South Korea's Joint Chiefs of Staff said North Korea on Thursday fired two short-range missiles into the East Sea from the North's eastern town of Hamju.
The missiles were launched consecutively some 19 minutes apart.
They flew about 450 kilometers and reached an altitude of some 60 kilometers.
"The South Korean military identified two short-range missiles fired from North Korea's Hamju at around 7:06AM and 7:25AM on Thursday. The military is maintaining its readiness posture while closely monitoring related moves."
The Joint Chiefs did not deny or confirm whether they're ballistic missiles but said it's considering the possibility that they could be ballistic missiles.
If it's confirmed that the missiles are ballistic, it means the North has violated UN Security Council resolutions for the first time since U.S. President Joe Biden took office.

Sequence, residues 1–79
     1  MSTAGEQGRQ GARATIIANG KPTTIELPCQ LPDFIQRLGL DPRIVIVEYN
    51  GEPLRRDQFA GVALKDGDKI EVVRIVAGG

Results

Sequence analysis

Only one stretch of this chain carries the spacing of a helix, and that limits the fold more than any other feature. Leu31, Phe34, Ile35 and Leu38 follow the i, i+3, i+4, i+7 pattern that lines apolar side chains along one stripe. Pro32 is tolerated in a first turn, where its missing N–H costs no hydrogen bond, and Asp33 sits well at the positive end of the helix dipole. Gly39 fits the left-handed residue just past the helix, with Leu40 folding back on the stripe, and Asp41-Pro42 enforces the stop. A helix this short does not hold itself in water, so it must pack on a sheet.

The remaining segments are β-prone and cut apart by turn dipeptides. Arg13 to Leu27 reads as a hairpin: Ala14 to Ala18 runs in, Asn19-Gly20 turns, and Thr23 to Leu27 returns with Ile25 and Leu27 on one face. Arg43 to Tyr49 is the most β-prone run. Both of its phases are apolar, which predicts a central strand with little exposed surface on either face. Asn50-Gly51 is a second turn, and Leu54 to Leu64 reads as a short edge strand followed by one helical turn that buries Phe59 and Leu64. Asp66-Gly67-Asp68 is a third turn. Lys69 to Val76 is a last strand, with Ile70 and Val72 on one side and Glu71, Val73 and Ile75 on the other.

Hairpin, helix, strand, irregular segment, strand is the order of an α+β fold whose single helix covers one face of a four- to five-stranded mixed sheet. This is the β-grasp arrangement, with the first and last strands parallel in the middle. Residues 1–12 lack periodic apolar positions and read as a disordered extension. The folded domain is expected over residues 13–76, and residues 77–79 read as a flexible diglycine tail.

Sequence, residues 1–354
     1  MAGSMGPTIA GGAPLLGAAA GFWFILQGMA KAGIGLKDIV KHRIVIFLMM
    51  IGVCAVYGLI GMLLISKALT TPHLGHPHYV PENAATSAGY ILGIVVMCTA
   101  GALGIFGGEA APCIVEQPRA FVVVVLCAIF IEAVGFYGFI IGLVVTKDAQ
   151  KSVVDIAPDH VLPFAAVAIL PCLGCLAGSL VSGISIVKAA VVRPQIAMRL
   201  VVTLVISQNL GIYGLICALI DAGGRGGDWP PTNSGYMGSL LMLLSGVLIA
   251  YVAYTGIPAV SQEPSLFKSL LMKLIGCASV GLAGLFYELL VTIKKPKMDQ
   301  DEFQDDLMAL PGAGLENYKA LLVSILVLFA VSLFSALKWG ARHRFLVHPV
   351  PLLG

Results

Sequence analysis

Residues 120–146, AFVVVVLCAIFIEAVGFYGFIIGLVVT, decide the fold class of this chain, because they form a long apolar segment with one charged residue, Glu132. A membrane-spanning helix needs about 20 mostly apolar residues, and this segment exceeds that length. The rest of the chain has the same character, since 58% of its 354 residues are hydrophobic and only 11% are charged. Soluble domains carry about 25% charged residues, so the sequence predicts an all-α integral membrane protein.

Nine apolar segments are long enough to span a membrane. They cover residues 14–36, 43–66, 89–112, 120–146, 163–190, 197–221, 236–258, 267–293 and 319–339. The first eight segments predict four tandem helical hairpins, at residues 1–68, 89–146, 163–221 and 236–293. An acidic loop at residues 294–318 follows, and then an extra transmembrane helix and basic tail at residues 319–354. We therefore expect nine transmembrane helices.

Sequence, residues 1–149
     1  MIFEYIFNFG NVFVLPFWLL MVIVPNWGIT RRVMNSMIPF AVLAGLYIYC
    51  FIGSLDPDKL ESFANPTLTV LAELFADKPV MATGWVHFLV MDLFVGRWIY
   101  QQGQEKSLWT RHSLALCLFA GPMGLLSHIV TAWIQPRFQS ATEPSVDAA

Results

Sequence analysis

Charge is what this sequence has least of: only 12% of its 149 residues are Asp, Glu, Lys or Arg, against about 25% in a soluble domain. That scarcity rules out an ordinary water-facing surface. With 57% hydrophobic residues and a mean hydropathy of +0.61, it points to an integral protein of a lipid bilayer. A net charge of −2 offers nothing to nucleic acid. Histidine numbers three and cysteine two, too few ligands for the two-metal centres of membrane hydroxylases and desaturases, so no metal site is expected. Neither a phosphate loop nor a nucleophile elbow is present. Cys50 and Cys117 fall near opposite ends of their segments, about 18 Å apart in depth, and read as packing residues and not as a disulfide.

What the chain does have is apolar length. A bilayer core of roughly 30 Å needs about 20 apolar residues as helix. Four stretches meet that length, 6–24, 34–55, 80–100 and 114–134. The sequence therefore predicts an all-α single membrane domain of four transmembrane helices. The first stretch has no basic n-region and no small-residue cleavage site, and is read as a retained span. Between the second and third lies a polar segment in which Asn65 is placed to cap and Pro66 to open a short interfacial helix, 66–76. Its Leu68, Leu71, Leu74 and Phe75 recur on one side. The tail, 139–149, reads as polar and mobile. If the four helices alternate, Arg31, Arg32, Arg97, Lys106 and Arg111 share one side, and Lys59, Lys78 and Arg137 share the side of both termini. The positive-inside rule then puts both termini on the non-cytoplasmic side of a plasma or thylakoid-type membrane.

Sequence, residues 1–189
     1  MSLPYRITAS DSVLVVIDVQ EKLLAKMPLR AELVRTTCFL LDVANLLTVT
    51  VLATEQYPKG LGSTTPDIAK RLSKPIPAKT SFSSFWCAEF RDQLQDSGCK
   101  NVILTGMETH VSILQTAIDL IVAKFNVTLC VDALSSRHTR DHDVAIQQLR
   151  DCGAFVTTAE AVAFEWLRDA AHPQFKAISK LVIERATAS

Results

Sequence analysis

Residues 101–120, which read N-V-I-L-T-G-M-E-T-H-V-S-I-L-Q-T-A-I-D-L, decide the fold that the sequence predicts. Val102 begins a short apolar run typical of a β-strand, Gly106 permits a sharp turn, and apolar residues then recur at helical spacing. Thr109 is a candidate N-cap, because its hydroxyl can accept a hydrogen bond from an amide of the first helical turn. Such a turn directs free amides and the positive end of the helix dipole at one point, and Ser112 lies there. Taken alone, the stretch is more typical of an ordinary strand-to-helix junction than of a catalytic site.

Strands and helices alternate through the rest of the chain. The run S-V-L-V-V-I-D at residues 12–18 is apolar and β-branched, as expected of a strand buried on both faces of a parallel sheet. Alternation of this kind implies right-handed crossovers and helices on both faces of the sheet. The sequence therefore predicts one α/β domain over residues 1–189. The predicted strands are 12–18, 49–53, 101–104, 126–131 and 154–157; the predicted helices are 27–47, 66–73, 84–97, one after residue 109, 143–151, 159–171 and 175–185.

The last time North Korea had fired ballistic missiles was a year ago.
South Korean military sources say the recent missiles had been fired using transporter erector launchers which make them harder to detect and intercept since they can be launched from anywhere instead of just from launch sites.
Sources also say there's a possibility that North Korean leader Kim Jong-un was present for the latest test-fire.
Observers say the launches signify that the North is ready to gradually raise tensions with the U.S. and its provocative acts could be further exacerbated by Washington's nonchalant response.
On Sunday, the regime fired two cruise missiles into the West Sea but the U.S. shrugged those off as "business as usual" with President Biden saying "nothing much had changed."
Kim Ji-yeon, Arirang News.